What are the prospects for UK exports?
Exports already account for one third of Britain’s GDP, which is higher than the average for similar big G7 economies. However, currently only around 20% of small and medium sized-enterprises (SMEs) are exporters: increasing that proportion will be crucial in coming decades. For the UK, part of the logic of Brexit is that (assuming it does end up outside the single market and customs union) it will be able to sign its own trade deals around the world.
Following last week’s agreement between the EU and UK to move on to discussing their future relationship (having fudged the Irish border question for now and apparently settled the terms of the divorce) it has become clear that this is still the path the UK government is determined to pursue. Last week’s agreement definitely makes the “hardest” of Brexits – crashing out with no deal – more unlikely. But it does not necessarily make a “softer” Brexit more likely.
What trading arrangement will emerge?
Britain’s government is still not aiming for Norway-style access to the single market, because this would mean accepting freedom of movement (ie the UK would have less “control” over immigration). Instead, it wants to negotiate a Canadian-style free trade deal which (unlike Canada’s deal) would even include some services – crucially, financial services.
Such a scenario means that the UK would remain outside the customs union, and would therefore be entitled to strike its own free trade deals. Such deals will certainly help SMEs in some sectors and markets. And it is obviously also important that the UK negotiates an arrangement under which we continue to trade as freely as possible with our closest neighbours in the EU – as well as a smooth transition in the immediate aftermath of Brexit, scheduled for March 2019.
But what will be of even greater important to the future of UK exports will be the overall trajectory of the global economy – and in particular the question of whether world trade now recovers from the slowdown in growth it has seen since the 2008 financial crisis.
Is the UK good at exporting?
It’s disproportionately good at exporting services, but not so good at exporting goods. One promising sign is that since 2007, UK exports to countries outside the EU have grown by about 20% more than the average for European exporting nations. Clearly, that’s an encouraging indicator of Britain’s ability to grow its trade outside Europe.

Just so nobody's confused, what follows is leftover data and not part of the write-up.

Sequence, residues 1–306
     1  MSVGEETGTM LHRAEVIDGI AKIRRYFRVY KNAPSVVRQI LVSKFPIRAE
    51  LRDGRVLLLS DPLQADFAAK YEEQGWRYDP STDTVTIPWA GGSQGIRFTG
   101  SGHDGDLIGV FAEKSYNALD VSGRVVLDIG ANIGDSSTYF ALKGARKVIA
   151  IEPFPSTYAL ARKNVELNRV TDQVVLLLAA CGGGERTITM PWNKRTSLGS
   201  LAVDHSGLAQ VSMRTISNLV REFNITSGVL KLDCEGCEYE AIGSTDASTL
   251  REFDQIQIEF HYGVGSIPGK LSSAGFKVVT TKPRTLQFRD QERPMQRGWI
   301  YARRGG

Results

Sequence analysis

That said, in key Asian and other emerging markets, growth in imports has slowed sharply in recent years – making the UK’s hopes of massively expanding exports in the coming years seem all the more ambitious. In 2012, the Treasury set a target of doubling exports to £1 trillion by 2020.
This year, however, the UK’s projected total exports are £549bn, and the trend is pretty flat. In other words, Britain’s companies – especially small and medium-sized enterprises (SMEs) need all the help they can get in meeting the considerable challenges they face.
What kind of challenges?
Exporting obviously comes with a range of regulatory, commercial and financial challenges businesses would not otherwise face if they just focused on growing revenues in their domestic markets – the most obvious being the risk that the best laid of plans can be thrown into chaos by currency fluctuations. In part, exchange rate risk is such a big issue because Brexit-related uncertainty has hit the pound hard (though it has been on an upward trend since January 2017).
More broadly, it’s simply because many small businesses are not simply tooled up to develop an effective hedging strategy in-house. The majority lack a specialised resource within the finance department to deal with foreign exchange risk management. And only around a third of UK small and medium businesses currently take advantage of hedging tools – such as forward contracts, limit orders, or euro-denominated virtual accounts – to mitigate risk.
What about other challenges?